After a morning walk through a beautiful Tokyo garden, participants had their first strategic planning session with trainer Kathleen Holland. She asked the mentees to start thinking about where their organizations are currently, where they want to go and the most efficient way to get there.
Communications trainings continued with Shuri Fukunaga, CEO of Burson Marstellar Japan, who gave an overview of the Japanese media landscape. Shuri cautioned the mentees not to become Japanese media icons and stay focused on their expertise when talking to reporters.
Mentees were then able to dig deeper in to the business plan, mission and core values of their organizations one-on-one with their Global Ambassadors.
Maco Yoshioka, the founder and executive director of Madre Bonita, was shocked that there was little support for Japanese mothers to recover from the physical and mental stress of childbirth. So she started teaching fitness classes for post-partum Japanese mothers. She is working with her mentor Lisa Hasegawa to solidify Madre Bonita’s values as she looks to expand the organization.
What makes the Global Ambassadors Program unique?
LISA: I do a lot of informal mentoring with a lot of young women in the US, but I have never done anything as formal and structured as the Global Ambassadors Program. It is great to be able to really get to know Maco and Madre Bonita in the week we have together. It is also shifting my thinking about what might be needed with other young women I will mentor in the future.
MACO: I have had some mentors before, but not as deep as this. Lisa has been asking a lot of questions and those questions are so helpful to me in determining what the true values of my company are.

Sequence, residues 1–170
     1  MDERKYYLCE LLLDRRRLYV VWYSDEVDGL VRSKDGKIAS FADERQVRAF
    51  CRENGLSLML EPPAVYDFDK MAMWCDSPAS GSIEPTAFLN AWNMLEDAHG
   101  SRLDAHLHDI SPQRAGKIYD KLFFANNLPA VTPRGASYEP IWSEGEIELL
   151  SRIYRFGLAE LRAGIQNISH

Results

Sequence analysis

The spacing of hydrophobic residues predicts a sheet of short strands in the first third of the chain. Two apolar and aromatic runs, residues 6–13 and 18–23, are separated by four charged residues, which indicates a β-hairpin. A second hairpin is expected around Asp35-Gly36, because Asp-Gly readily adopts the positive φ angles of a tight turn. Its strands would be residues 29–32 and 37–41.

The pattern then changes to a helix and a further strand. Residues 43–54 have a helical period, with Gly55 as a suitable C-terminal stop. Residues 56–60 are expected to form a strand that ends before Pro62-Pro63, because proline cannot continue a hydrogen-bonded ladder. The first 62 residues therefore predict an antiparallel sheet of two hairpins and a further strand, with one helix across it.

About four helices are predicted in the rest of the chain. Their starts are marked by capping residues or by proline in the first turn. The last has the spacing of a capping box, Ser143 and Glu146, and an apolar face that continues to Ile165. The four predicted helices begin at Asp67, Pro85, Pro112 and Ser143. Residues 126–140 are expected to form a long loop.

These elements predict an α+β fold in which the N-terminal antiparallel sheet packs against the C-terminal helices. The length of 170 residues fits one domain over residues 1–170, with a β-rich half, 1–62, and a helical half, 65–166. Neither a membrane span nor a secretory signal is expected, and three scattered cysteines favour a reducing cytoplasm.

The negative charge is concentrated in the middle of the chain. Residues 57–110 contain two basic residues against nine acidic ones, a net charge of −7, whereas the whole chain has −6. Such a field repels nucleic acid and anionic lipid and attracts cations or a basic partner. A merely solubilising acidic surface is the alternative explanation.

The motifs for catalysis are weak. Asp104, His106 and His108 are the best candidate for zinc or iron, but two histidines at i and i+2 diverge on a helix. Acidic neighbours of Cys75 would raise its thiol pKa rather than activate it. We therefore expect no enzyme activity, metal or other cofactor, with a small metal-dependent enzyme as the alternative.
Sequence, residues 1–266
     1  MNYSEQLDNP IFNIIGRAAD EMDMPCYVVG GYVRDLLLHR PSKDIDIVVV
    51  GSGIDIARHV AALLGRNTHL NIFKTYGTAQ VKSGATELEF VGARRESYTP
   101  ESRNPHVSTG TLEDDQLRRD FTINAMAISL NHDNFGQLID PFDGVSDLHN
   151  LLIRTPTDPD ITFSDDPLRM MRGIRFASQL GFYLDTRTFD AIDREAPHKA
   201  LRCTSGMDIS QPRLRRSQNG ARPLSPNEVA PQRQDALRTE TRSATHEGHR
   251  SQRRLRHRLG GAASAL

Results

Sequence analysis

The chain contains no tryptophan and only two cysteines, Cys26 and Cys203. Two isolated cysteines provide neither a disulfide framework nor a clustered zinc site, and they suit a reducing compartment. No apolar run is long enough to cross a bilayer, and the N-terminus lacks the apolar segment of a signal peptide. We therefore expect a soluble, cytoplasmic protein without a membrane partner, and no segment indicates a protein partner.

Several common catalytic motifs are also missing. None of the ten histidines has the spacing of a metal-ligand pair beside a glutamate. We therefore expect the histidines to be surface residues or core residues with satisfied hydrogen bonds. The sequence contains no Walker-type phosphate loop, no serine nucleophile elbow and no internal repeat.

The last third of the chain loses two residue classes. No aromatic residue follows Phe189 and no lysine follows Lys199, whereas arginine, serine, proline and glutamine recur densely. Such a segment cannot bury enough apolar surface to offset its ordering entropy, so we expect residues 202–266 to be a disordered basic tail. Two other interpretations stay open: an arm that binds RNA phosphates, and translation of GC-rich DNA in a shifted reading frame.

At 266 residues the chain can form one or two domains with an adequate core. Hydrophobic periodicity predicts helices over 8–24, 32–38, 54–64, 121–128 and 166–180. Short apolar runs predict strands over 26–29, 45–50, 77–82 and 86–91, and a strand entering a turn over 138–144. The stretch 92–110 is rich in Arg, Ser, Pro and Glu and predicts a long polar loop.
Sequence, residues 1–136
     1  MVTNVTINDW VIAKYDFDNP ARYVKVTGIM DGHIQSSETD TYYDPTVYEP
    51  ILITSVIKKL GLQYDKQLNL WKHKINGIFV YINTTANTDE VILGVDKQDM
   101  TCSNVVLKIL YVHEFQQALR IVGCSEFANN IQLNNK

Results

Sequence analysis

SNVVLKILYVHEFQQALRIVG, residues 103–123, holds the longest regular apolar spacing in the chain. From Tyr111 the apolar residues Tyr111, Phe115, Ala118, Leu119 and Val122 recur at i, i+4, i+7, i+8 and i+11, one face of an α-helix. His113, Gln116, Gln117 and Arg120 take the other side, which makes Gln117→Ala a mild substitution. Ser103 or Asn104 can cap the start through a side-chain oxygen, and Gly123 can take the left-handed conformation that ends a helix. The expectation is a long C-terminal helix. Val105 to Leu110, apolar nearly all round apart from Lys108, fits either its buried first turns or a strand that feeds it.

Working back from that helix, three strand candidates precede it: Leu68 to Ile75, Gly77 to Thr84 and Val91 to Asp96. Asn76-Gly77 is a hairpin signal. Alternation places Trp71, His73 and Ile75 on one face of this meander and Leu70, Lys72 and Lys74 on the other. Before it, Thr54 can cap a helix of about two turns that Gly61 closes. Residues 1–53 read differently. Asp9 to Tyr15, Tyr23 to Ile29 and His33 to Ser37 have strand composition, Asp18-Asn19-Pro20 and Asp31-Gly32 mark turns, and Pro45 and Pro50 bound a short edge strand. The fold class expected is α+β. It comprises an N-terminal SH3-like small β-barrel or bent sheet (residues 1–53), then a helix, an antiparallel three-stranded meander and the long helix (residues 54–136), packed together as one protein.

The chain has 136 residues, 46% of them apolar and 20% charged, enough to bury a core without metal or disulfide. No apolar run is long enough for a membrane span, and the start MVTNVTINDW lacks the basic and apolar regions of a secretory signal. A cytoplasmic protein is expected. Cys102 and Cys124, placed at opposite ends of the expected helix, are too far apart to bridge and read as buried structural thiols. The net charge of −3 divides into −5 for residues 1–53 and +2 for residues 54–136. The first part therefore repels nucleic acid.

What do you want to accomplish in your week together?
LISA: I want to help Maco really clarify the core of what makes Madre Bonita unique. We have been working together to figure out what makes them different from other fitness classes. I also want to help her think about the “big picture” in terms of what is possible for Madre Bonita.
MACO: I want to come out of this week with a clearer vision and mission that will attract more people to Madre Bonita. We have vision and mission now, but it needs to be more sophisticated and easier to remember.
What is the most interesting thing you have learned about your mentee?
LISA: I think what is really exciting about Madre Bonita is their business model that gives women in their training classes the opportunity to actually become trainers. Through this I feel they are going to grow a whole network of women who can lead real policy change for women in Japan. I feel like there is a whole piece around leadership development that could make her business model really stand out.
Photography: David Hume Kennerly